So coming back to the review element of this long post. The panel itself is well made and the electronics do what you want. The voltage is regulated with the current being the part to fluctuate. From the tests we have done I believe the panel is capable of putting out 14 watts of power and in testing in Scottish weather and latitude you still get a useable amount of power out. Having had a 10 Watt panel years ago I was frankly stunned at how small and light this panel is. When it arrived I was sure it would not be anything like as powerful as advertised but I was proven wrong and am pleasantly surprised. All in all, I am very impressed with the solar panel. I just need to sort out the right battery bank to have my power needs sorted for my longer trips now.
    Last edited by MagiKelly; 12th-May-2015 at 10:31 PM. Reason: spolling
    John

    I started at the bottom and I like it here

  2. #2
    Join Date
    Feb 2008
    Location
    Central Scotland
    Posts
    4,263
    Journal Entries
    14

    Default

    hmmm interesting, another thing I didn't know I needed... thanks boss
    Cheers,

    Alan


  3. #3
    Join Date
    Jul 2012
    Location
    Nottingham
    Posts
    3,812

    Default

    Looks like a useful bit of kit!
    All that is necessary for the triumph of evil is that good men do nothing.

  4. #4
    Join Date
    Sep 2007
    Location
    Amsterdam, Netherlands
    Posts
    3,921

    Default

    a few years ago i was playing with a portable solar charger. it had only one panel, unwieldy pastic casing and was so temperamental that it was basically useless.
    these here sounds an awful lot better, and like it would actually be useful.

    now please stop talking to these gearbest people. too many new ideas to spend money and accumulate clutter...

  5. #5
    Join Date
    Nov 2005
    Location
    Lochwinnoch, Scotland
    Posts
    16,613
    Journal Entries
    2

    Default

    It it seems a lot of us have tried solar panels before and found them wanting. It also seems like they may have now got to a stage where they can be useful.

    Quote Originally Posted by lowlander View Post
    now please stop talking to these gearbest people. too many new ideas to spend money and accumulate clutter...
    You will be glad to know that I only have a mini review of a portable speaker left which is actually more of a competition to win one. Of course I am also writing up a review of the Thermarest 4 season mat with its new electric air pump and a the down blanket that can be used with it. I'm kind of using reviews at the moment as a driving force to make me get out more and do more outside trips
    John

    I started at the bottom and I like it here

  6. #6
    Join Date
    Feb 2008
    Location
    scotland
    Posts
    332

    Default

    you are a man after my own heart I have got all the stuff and was needing 30 watt was what I was going for got all the rest of the stuff its the cost of the solar panel that has floored me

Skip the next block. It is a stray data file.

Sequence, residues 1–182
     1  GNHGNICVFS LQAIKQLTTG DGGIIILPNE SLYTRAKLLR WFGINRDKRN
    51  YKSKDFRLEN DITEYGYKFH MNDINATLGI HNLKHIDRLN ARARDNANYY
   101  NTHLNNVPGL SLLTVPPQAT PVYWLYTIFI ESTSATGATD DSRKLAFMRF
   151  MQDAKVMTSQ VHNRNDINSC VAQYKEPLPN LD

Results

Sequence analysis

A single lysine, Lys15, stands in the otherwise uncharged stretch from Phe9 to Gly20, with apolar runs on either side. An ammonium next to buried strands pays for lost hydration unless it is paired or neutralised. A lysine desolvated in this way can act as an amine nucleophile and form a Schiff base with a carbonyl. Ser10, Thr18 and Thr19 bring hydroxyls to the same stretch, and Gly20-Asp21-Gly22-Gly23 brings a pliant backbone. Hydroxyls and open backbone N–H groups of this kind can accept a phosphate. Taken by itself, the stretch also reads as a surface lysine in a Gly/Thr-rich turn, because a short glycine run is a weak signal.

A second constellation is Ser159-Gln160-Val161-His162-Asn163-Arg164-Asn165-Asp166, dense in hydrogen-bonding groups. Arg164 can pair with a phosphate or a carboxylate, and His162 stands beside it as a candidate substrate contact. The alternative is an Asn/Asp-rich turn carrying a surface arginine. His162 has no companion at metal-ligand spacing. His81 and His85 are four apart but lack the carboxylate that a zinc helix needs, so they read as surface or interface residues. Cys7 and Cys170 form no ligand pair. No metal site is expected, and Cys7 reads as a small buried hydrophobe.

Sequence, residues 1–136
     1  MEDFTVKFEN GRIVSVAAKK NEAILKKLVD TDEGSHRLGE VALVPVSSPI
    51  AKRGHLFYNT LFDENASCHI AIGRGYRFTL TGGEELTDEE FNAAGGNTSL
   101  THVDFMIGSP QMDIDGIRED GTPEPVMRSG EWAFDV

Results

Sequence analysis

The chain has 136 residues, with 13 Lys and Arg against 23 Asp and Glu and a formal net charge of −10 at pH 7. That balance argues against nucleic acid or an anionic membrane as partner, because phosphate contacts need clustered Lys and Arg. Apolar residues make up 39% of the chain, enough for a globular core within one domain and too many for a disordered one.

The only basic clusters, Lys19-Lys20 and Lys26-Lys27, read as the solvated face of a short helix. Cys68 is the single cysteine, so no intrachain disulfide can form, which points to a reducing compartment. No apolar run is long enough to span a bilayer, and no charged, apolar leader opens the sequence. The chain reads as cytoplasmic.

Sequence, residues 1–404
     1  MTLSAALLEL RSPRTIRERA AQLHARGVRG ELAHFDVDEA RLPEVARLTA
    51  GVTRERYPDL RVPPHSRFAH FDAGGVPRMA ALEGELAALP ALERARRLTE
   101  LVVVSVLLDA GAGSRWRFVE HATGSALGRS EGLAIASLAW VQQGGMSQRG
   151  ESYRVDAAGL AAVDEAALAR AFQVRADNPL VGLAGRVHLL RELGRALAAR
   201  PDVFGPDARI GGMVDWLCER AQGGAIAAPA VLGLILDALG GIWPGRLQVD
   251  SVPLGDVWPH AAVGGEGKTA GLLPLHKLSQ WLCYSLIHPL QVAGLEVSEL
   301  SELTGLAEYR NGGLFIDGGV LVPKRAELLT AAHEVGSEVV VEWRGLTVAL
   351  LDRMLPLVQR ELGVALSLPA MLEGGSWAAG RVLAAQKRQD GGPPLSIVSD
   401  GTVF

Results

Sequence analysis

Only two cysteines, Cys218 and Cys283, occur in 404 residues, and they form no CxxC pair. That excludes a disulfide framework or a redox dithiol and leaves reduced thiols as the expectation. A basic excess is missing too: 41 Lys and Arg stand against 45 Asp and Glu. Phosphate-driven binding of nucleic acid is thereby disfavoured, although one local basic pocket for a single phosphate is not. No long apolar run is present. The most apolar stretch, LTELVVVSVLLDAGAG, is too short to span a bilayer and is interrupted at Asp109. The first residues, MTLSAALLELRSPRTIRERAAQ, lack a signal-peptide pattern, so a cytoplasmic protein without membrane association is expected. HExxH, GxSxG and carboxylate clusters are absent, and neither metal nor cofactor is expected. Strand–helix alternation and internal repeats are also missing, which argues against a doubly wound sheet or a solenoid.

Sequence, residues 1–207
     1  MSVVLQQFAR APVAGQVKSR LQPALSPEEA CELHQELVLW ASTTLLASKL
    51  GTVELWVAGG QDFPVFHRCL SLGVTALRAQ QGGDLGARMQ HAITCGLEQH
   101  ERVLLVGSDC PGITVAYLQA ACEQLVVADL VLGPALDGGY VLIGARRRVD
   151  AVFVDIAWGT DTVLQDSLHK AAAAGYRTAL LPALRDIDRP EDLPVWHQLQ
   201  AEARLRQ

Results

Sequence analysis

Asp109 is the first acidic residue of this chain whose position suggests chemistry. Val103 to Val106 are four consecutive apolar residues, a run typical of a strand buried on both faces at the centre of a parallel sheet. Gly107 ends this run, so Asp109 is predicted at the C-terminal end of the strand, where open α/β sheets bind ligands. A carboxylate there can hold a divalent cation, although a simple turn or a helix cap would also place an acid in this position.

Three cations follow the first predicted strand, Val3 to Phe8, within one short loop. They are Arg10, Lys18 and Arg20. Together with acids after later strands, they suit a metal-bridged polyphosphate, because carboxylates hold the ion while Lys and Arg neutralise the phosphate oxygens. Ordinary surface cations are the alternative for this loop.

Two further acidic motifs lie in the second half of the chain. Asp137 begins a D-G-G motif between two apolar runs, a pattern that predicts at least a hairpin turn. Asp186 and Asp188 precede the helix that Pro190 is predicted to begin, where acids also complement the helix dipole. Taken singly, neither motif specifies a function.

7. #7

    Default

    You'd need to be going away from power supplies for a number of days to make it worthwhile. Portable battery banks are now relatively high capacity and I tried one out on the weekend (11,000mAh)- that's the same as that solar kit above producing peak power for 8hrs (given you measured it at 1.4A max output). Given you'll generally get less than that- a battery bank of this capacity will produce as much power as the solar kit operating for 2 days. I used it to recharge a GoPro to 100% charge (from completely flat) and top up a Garmin Montana GPS (about 40% power prior to charging). That used less than half the power in the bank.

    The advantage of using a battery bank is that I can leave it sealed up in dry bags during the day and be using my camera/GPS (inside their waterproof casings) and then recharge them when in camp overnight.

    YMMV

  8. #8
    Join Date
    Sep 2007
    Location
    Southern Oregon
    Posts
    1,501

    Default

    This looks like a very nice set up. I like the idea it is waterproof for canoeing. Issues that are of concern how easy is it to attach to the canoe to keep it facing the sun? Does it have a meter to indicate the current output? I have discovered a small angle change can dramatically change the power output. How does this help you keep it at the best angle? How well does it hold up? Flexing the wires dropping paddles on it and capsizing may reduce it's life. Can you let, Sam, play with it for an afternoon to see how it holds up? In general solar panels are an expensive way to purchase power because of the initial cost. Are these thin film panels or glass? What does it weigh?
    Dr. Joe
    Electric Hospital
    Coos Bay Or
    http://electrichospital.com

  9. #9

    Default

    I bought these 261319409348 from the bay, two 10w 6v panels for 18, (currently selling for 16 -so 8 each with free delivery). Solid with metal frames, they charge my phone as long as they are exposed to light, you don't need to point them at the sun but obviously the brighter the light the more power they make. I've soldered on a usb plug so any old usb cabled charge cable can be used for repsective devices. I don't think they have a diode in to prevent reverse charging but I'm not leaving anything on overnight anyway. I'll have a check later as a suitable diode would only be pence form maplin/bay anyway so would be an easy fix.

  10. #10
    Join Date
    Apr 2010
    Location
    Currently Quebec Province, Canada
    Posts
    334

    Default

    We're planning a trip of up to three weeks away from reliable charging facilities

    We shall be taking iPhones and Kindles - 2 of each. Can anyone please suggest an update on this topic, probably to include a power bank as well?

    Thanks
    G

    'Adventure is relative. My adventure is another's commonplace.'

  11. #11
    Join Date
    Apr 2013
    Location
    Cheshire
    Posts
    1,662

    Default

    https://www.amazon.co.uk/d/Cell-Phon...owercore&psc=1